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Lung India Official publication of Indian Chest Society  
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ORIGINAL ARTICLE
Year : 2018  |  Volume : 35  |  Issue : 2  |  Page : 108-115

Microbial etiology in hospitalized North Indian adults with community-acquired pneumonia


1 Department of Internal and Pulmonary Medicine, Sher-i-Kashmir Institute of Medical Sciences, Srinagar, Jammu and Kashmir, India
2 Department of Clinical Microbiology, Sher-i-Kashmir Institute of Medical Sciences, Srinagar, Jammu and Kashmir, India

Correspondence Address:
Prof. Parvaiz A Koul
Department of Internal and Pulmonary Medicine, Sher-i-Kashmir Institute of Medical Sciences, Soura, Srinagar - 190 011, Jammu and Kashmir
India
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Source of Support: None, Conflict of Interest: None


DOI: 10.4103/lungindia.lungindia_288_17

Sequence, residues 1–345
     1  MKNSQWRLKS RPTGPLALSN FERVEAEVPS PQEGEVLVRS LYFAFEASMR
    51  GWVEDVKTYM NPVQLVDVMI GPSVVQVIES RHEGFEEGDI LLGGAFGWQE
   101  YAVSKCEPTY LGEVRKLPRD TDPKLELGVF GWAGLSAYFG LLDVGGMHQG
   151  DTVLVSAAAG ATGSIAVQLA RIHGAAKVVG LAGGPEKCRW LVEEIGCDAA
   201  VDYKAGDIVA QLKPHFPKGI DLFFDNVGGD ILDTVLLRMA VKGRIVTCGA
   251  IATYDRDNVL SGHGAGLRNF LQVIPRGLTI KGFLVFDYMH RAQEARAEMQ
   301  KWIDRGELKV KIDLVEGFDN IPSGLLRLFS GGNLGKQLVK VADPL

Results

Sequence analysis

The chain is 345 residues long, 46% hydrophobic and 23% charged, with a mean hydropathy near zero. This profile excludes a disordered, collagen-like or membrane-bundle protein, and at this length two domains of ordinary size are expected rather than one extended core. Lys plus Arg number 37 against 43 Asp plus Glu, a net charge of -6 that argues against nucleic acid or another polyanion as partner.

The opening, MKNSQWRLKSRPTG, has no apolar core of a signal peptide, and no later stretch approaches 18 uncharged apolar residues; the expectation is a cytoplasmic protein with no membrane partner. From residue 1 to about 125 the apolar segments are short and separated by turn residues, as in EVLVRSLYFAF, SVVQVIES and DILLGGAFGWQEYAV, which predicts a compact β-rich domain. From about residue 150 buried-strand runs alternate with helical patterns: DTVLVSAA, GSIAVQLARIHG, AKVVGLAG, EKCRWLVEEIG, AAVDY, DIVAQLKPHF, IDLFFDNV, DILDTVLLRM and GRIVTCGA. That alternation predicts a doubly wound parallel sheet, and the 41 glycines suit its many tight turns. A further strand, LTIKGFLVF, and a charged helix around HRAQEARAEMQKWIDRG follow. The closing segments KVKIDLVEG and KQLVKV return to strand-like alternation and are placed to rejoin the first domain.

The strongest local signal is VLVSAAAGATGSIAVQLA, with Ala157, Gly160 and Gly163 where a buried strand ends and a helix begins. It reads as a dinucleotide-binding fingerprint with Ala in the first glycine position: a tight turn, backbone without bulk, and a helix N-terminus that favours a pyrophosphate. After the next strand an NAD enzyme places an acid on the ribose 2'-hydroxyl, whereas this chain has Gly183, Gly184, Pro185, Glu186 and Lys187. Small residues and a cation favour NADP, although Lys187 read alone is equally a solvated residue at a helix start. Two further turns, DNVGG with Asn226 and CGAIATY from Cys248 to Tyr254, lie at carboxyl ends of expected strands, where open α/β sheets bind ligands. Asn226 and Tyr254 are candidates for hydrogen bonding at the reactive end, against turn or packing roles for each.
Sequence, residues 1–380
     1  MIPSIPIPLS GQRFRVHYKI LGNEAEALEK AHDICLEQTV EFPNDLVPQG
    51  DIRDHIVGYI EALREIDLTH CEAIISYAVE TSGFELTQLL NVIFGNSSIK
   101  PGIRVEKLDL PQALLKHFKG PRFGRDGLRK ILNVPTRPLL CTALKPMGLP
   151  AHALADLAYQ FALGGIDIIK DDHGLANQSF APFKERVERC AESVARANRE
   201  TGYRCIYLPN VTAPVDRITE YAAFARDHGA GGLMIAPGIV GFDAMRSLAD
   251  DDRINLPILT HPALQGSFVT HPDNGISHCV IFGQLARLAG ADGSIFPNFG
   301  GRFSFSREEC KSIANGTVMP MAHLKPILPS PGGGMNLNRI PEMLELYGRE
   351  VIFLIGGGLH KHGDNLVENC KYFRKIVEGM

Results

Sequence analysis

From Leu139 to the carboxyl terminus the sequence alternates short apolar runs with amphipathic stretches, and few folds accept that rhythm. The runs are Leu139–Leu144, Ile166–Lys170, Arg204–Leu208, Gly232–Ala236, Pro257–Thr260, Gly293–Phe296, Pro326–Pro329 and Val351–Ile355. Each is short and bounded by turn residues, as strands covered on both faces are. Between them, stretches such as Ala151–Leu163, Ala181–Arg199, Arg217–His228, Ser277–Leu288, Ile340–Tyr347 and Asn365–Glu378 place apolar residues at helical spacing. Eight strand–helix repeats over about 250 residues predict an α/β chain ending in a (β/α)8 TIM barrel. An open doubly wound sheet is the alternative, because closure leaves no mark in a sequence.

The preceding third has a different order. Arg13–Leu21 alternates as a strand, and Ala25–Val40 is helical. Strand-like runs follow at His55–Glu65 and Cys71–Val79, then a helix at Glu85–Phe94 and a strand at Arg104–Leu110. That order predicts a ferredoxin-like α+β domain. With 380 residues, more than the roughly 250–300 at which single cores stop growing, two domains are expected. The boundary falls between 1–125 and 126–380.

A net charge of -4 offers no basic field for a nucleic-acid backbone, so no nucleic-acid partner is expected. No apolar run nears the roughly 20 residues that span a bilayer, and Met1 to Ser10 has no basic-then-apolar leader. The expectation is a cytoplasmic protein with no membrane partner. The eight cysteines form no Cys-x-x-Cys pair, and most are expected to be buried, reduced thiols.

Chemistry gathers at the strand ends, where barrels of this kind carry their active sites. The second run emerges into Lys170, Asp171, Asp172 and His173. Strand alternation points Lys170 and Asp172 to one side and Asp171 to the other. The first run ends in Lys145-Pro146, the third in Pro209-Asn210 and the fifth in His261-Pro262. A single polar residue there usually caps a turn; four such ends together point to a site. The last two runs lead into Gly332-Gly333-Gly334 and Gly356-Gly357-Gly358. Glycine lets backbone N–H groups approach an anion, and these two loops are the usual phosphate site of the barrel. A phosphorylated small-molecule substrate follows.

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Background: There is a paucity of literature regarding the microbial etiology of community-acquired pneumonia (CAP) in India. The current study was aimed to study the microbial etiology of hospitalized adults with CAP. Methods: The study was conducted in a 700-bedded North Indian hospital. Consecutive adults admitted with CAP over a period of 2 years from 2013 to 2015 were recruited for the study, and apart from clinical evaluation underwent various microbiological studies in the form of blood culture, sputum culture, urinary antigen for pneumococcus and Legionella, serology for Mycoplasma and Chlamydia and real-time reverse transcriptase polymerase chain reaction for influenza viruses. Radiographic studies were performed in all patients and repeated as required. The patients were treated with standard antibiotic/antiviral therapy and outcomes were recorded. Results: A total of 225 patients (median age: 59 years) were enrolled. Streptococcus pneumoniae was the most common organism found (30.5%), followed by Legionella pneumophila (17.5%), influenza viruses (15.4%), Mycoplasma pneumoniae (7.2%), Chlamydia pneumonia (5.5%), Mycobacterium tuberculosis (4.8%), Klebsiella pneumoniae (4.8%), methicillin-resistant Staphylococcus aureus (3.5%), Pseudomonas aeruginosa (3.1%), methicillin-sensitive S. aureus (1.7%), and Acinetobacter sp. (0.8%) with 4% of patients having multiple pathogens etiologies. High Pneumonia Severity Index score correlated with the severity and outcome of the CAP but was not predictive of any definite etiological pathogen. In-hospital mortality was 8%. Conclusion: Streptococcus pneumoniae, Legionella, and influenza constitute the most common etiological agents for north Indian adults with CAP requiring hospitalization. Appropriate antibiotic therapy and preventive strategies such as influenza and pneumococcal vaccination need to be considered in appropriate groups.


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